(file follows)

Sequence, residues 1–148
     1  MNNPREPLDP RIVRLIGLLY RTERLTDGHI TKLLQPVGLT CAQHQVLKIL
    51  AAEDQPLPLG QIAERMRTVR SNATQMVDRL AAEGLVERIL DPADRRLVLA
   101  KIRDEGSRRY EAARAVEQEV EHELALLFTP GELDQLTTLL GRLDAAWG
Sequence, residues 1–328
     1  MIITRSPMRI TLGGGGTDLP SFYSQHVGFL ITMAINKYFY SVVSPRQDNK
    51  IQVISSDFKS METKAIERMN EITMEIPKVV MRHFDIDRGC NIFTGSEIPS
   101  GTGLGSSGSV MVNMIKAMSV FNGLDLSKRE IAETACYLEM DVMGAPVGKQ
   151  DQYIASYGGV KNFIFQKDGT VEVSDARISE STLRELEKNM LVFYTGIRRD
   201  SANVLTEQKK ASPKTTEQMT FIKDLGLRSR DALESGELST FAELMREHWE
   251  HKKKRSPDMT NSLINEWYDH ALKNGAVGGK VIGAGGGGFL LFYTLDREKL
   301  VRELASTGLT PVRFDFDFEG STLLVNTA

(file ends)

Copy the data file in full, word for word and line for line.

Sequence, residues 1–148
     1  MNNPREPLDP RIVRLIGLLY RTERLTDGHI TKLLQPVGLT CAQHQVLKIL
    51  AAEDQPLPLG QIAERMRTVR SNATQMVDRL AAEGLVERIL DPADRRLVLA
   101  KIRDEGSRRY EAARAVEQEV EHELALLFTP GELDQLTTLL GRLDAAWG
Sequence, residues 1–328
     1  MIITRSPMRI TLGGGGTDLP SFYSQHVGFL ITMAINKYFY SVVSPRQDNK
    51  IQVISSDFKS METKAIERMN EITMEIPKVV MRHFDIDRGC NIFTGSEIPS
   101  GTGLGSSGSV MVNMIKAMSV FNGLDLSKRE IAETACYLEM DVMGAPVGKQ
   151  DQYIASYGGV KNFIFQKDGT VEVSDARISE STLRELEKNM LVFYTGIRRD
   201  SANVLTEQKK ASPKTTEQMT FIKDLGLRSR DALESGELST FAELMREHWE
   251  HKKKRSPDMT NSLINEWYDH ALKNGAVGGK VIGAGGGGFL LFYTLDREKL
   301  VRELASTGLT PVRFDFDFEG STLLVNTA